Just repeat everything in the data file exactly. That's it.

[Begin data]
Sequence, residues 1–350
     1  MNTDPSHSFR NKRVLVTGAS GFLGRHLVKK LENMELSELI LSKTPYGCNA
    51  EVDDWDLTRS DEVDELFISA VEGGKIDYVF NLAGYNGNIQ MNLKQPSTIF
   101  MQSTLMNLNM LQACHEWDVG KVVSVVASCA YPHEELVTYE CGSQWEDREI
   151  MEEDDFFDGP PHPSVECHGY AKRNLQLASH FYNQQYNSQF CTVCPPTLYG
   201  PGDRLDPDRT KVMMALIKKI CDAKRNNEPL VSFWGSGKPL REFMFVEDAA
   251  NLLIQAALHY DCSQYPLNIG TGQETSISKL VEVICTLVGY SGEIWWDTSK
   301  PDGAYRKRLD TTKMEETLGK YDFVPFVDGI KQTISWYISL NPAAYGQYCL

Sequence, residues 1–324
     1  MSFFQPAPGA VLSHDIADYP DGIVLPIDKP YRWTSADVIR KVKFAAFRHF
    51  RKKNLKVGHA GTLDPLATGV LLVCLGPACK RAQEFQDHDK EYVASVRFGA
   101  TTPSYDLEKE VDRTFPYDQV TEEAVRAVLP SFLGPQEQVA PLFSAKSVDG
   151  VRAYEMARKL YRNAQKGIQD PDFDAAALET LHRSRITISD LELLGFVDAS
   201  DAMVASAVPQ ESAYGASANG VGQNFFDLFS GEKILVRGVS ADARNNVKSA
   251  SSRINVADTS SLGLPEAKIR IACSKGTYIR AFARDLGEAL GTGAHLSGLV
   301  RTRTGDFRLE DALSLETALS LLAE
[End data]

Sequence, residues 1–350
     1  MNTDPSHSFR NKRVLVTGAS GFLGRHLVKK LENMELSELI LSKTPYGCNA
    51  EVDDWDLTRS DEVDELFISA VEGGKIDYVF NLAGYNGNIQ MNLKQPSTIF
   101  MQSTLMNLNM LQACHEWDVG KVVSVVASCA YPHEELVTYE CGSQWEDREI
   151  MEEDDFFDGP PHPSVECHGY AKRNLQLASH FYNQQYNSQF CTVCPPTLYG
   201  PGDRLDPDRT KVMMALIKKI CDAKRNNEPL VSFWGSGKPL REFMFVEDAA
   251  NLLIQAALHY DCSQYPLNIG TGQETSISKL VEVICTLVGY SGEIWWDTSK
   301  PDGAYRKRLD TTKMEETLGK YDFVPFVDGI KQTISWYISL NPAAYGQYCL

Sequence, residues 1–324
     1  MSFFQPAPGA VLSHDIADYP DGIVLPIDKP YRWTSADVIR KVKFAAFRHF
    51  RKKNLKVGHA GTLDPLATGV LLVCLGPACK RAQEFQDHDK EYVASVRFGA
   101  TTPSYDLEKE VDRTFPYDQV TEEAVRAVLP SFLGPQEQVA PLFSAKSVDG
   151  VRAYEMARKL YRNAQKGIQD PDFDAAALET LHRSRITISD LELLGFVDAS
   201  DAMVASAVPQ ESAYGASANG VGQNFFDLFS GEKILVRGVS ADARNNVKSA
   251  SSRINVADTS SLGLPEAKIR IACSKGTYIR AFARDLGEAL GTGAHLSGLV
   301  RTRTGDFRLE DALSLETALS LLAE